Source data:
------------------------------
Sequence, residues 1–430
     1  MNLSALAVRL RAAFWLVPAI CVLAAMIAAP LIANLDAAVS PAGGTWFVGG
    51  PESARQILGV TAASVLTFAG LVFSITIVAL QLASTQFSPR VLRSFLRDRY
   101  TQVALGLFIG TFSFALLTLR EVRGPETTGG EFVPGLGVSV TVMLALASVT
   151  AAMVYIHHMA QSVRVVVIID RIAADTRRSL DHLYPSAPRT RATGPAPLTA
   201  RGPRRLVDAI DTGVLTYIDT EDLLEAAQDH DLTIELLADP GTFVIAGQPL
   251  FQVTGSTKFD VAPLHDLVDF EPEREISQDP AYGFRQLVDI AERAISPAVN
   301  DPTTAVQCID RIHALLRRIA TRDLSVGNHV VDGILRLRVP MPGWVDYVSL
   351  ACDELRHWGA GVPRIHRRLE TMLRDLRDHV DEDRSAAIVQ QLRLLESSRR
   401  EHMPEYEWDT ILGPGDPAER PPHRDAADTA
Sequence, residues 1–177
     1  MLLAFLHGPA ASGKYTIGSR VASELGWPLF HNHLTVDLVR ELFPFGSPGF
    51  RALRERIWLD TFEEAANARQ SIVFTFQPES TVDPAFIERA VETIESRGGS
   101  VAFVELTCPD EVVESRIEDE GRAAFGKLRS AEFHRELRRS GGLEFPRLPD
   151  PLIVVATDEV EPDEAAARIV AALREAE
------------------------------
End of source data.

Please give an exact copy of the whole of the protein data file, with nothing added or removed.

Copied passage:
Sequence, residues 1–430
     1  MNLSALAVRL RAAFWLVPAI CVLAAMIAAP LIANLDAAVS PAGGTWFVGG
    51  PESARQILGV TAASVLTFAG LVFSITIVAL QLASTQFSPR VLRSFLRDRY
   101  TQVALGLFIG TFSFALLTLR EVRGPETTGG EFVPGLGVSV TVMLALASVT
   151  AAMVYIHHMA QSVRVVVIID RIAADTRRSL DHLYPSAPRT RATGPAPLTA
   201  RGPRRLVDAI DTGVLTYIDT EDLLEAAQDH DLTIELLADP GTFVIAGQPL
   251  FQVTGSTKFD VAPLHDLVDF EPEREISQDP AYGFRQLVDI AERAISPAVN
   301  DPTTAVQCID RIHALLRRIA TRDLSVGNHV VDGILRLRVP MPGWVDYVSL
   351  ACDELRHWGA GVPRIHRRLE TMLRDLRDHV DEDRSAAIVQ QLRLLESSRR
   401  EHMPEYEWDT ILGPGDPAER PPHRDAADTA
Sequence, residues 1–177
     1  MLLAFLHGPA ASGKYTIGSR VASELGWPLF HNHLTVDLVR ELFPFGSPGF
    51  RALRERIWLD TFEEAANARQ SIVFTFQPES TVDPAFIERA VETIESRGGS
   101  VAFVELTCPD EVVESRIEDE GRAAFGKLRS AEFHRELRRS GGLEFPRLPD
   151  PLIVVATDEV EPDEAAARIV AALREAE